Friday, June 29, 2012
Every day, through the National Oceanic and Atmospheric Administration, 102 sites in the United States, Caribbean and the Pacific launch a large, white balloon into the air. There’s a device, called a radiosonde, attached to the balloon; it’s a battery-powered instrument, and its sensors measure and transmit profiles of air pressure, temperature and relative humidity from the Earth’s surface up to approximately 20 miles into the sky. It also obtains data for wind direction and speed.
One of the launch sites is the Bismarck National Weather Service, located near the airport. Weather personnel there have been launching these balloons since about 1939.
At first, they only launched the balloon at night, but after two years, they started to launch two balloons, one at night and one at noon. Just imagine: a hot summer day, an endless blue sky, a field of wheat swaying in the breeze, and a white balloon floating upwards high overhead.
Eventually, though, the radiosondes drop back to the earth. And on this date in 1941, North Dakotans were on the hunt for the fallen equipment. After all, if they found it, and sent the machine back to Washington, they would receive a $1 recovery reward. This was a good payout for the time and effort, and it proved fruitful especially to those up to 150 miles southeast of Bismarck, though the instruments sometimes travelled even farther – one was found 225 miles away in Watertown, South Dakota.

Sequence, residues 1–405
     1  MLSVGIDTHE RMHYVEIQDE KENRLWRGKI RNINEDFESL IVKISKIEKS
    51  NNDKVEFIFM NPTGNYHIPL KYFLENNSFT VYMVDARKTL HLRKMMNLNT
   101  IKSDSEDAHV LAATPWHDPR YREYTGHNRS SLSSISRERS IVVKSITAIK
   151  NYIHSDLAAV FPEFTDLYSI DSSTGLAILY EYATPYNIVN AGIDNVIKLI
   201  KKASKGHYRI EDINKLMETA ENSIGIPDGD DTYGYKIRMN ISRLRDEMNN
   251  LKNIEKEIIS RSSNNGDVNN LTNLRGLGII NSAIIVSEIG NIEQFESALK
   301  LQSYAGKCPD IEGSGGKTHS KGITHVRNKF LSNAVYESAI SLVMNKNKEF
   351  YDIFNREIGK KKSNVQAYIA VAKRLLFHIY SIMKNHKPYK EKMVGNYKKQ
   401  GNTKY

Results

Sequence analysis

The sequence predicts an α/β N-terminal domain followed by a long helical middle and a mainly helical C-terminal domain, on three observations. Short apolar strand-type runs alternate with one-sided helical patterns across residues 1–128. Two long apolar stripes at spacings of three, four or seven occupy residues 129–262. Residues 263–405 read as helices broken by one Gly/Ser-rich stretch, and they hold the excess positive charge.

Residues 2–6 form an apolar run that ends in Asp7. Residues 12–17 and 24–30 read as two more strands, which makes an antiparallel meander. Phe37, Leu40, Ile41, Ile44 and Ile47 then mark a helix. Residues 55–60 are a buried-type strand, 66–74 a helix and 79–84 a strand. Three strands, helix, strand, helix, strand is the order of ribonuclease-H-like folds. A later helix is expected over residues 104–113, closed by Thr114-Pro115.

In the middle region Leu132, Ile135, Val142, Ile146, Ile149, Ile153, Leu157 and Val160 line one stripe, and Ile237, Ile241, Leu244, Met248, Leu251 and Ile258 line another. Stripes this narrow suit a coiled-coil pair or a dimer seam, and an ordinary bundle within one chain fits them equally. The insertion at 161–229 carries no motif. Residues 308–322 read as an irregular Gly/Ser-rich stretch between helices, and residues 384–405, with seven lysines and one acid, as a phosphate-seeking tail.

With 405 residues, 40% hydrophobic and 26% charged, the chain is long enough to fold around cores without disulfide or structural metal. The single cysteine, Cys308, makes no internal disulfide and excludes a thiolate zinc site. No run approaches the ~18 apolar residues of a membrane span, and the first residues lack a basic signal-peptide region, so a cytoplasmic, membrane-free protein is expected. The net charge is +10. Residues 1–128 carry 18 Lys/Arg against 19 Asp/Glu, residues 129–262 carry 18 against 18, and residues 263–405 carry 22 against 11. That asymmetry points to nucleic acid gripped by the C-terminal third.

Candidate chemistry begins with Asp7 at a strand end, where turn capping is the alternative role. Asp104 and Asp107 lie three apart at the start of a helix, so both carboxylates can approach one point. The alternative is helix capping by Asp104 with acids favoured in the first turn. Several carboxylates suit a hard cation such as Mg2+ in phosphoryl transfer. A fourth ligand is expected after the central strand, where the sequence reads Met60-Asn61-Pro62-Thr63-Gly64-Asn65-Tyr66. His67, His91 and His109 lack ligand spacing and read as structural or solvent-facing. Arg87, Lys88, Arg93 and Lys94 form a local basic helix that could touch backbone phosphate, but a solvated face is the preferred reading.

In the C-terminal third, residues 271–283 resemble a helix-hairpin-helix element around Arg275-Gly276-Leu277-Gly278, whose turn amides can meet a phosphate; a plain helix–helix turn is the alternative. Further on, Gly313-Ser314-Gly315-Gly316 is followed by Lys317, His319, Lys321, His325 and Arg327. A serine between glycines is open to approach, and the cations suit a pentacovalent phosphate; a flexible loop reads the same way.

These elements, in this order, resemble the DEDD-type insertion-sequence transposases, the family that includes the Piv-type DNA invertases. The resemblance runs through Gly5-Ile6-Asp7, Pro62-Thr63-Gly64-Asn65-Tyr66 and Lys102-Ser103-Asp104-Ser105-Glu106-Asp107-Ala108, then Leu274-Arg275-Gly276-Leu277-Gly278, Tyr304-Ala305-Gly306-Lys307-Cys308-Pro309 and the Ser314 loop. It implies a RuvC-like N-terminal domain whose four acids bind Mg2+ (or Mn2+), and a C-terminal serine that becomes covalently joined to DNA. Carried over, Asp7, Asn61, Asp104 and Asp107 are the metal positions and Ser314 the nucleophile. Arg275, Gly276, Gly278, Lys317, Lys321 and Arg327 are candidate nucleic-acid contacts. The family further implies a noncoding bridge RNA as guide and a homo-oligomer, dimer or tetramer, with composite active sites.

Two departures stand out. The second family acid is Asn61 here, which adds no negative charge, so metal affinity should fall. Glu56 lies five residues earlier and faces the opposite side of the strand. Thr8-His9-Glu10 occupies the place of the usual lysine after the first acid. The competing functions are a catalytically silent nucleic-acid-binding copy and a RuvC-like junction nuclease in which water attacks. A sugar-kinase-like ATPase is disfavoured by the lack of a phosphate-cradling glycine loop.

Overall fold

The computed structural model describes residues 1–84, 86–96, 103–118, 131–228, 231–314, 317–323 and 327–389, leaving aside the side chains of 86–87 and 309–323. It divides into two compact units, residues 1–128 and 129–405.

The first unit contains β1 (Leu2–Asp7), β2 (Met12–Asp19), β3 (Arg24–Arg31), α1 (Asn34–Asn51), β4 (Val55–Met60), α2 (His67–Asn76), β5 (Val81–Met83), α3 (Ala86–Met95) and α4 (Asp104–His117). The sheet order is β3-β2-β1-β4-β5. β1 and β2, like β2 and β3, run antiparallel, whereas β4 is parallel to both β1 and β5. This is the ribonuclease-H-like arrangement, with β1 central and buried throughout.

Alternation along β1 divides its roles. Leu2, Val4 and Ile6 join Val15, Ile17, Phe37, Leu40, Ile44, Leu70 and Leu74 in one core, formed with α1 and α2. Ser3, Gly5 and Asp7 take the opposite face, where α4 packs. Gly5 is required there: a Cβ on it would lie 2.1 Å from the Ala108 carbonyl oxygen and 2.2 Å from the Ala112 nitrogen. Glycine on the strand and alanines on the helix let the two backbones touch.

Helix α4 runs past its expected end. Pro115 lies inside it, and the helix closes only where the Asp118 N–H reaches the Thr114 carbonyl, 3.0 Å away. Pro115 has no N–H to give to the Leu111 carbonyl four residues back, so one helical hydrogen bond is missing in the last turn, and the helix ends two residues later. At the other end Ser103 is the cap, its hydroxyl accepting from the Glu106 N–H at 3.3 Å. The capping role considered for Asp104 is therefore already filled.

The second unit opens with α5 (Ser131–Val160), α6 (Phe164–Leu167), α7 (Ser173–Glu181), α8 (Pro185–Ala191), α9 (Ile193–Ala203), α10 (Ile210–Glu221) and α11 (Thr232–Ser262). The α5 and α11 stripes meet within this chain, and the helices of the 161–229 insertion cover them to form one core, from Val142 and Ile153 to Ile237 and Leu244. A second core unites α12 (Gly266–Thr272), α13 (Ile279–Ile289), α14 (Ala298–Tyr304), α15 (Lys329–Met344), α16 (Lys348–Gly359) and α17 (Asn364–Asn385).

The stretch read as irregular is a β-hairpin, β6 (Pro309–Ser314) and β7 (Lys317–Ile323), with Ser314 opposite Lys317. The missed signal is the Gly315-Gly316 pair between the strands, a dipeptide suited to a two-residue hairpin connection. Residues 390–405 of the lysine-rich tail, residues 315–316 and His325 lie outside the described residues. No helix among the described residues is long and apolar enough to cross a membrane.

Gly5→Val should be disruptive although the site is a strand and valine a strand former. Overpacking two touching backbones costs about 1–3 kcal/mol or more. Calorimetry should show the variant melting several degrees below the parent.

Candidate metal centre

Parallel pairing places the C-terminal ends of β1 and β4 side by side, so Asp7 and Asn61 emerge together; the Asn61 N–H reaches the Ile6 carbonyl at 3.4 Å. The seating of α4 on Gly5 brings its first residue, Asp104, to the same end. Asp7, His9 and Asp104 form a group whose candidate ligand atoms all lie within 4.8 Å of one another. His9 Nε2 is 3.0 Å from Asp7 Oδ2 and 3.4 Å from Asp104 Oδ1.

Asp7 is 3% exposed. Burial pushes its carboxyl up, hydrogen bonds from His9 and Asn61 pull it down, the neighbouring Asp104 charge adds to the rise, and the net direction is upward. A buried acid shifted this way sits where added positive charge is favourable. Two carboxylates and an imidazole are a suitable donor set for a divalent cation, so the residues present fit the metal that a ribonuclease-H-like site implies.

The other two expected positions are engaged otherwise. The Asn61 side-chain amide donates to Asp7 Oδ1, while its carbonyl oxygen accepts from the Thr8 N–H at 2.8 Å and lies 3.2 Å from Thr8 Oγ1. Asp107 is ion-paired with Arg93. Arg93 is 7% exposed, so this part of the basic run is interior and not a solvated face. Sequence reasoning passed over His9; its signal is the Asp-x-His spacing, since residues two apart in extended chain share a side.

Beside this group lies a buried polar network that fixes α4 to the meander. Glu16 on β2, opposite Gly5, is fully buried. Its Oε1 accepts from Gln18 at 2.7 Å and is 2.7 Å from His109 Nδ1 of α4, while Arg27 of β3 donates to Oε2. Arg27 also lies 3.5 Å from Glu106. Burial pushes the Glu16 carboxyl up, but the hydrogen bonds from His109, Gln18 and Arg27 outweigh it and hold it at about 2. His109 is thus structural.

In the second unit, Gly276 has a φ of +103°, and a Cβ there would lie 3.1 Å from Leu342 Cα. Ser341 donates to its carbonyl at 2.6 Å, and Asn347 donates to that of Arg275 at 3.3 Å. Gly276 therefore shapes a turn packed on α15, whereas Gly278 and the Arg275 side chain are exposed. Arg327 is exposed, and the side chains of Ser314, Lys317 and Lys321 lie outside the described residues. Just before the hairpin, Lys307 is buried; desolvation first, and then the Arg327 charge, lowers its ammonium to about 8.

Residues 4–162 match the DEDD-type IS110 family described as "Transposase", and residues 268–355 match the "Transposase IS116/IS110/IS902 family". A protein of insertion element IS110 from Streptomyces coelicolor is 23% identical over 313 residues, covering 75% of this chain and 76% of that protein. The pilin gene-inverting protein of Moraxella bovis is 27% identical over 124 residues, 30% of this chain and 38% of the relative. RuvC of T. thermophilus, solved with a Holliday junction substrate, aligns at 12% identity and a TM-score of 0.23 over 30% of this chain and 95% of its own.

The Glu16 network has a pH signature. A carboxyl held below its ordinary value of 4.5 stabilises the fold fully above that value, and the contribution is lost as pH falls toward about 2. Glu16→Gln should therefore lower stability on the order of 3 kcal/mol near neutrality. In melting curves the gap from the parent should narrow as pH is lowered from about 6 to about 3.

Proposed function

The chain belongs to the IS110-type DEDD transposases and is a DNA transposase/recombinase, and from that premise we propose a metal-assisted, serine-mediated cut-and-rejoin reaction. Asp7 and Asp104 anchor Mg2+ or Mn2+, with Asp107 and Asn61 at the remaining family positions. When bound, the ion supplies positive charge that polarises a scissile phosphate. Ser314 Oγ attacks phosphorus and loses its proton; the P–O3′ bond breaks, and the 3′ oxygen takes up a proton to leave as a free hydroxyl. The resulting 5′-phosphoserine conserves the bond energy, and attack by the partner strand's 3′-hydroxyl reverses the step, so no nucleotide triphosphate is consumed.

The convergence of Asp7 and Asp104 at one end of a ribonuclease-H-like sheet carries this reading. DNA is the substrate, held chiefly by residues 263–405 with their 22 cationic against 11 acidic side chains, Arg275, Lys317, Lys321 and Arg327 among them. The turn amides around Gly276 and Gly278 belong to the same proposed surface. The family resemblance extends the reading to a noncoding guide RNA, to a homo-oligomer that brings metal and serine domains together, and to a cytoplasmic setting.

F. J. Bavendick was director of the Bismarck Weather Service, and he estimated that with this bounty for the radiosondes, about 90 percent of the 700 some instruments the Bismarck station had launched were found and returned.
Today, the Bismarck Weather Service still launches the balloons, but the radiosondes are considered expendable, and fewer than 20 percent are returned. There’s no longer a reward, but their return is still welcomed, as the National Weather Service will recondition and re-use them.
Dakota Datebook written by Sarah Walker
The Bismarck Tribune, Monday, June 29, 1941